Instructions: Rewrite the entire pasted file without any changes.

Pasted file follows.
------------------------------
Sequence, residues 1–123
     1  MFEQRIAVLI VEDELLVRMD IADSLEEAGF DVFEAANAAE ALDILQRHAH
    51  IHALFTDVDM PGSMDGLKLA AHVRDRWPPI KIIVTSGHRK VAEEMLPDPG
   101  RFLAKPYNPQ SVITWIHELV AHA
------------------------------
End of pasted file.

Sequence, residues 1–123
     1  MFEQRIAVLI VEDELLVRMD IADSLEEAGF DVFEAANAAE ALDILQRHAH
    51  IHALFTDVDM PGSMDGLKLA AHVRDRWPPI KIIVTSGHRK VAEEMLPDPG
   101  RFLAKPYNPQ SVITWIHELV AHA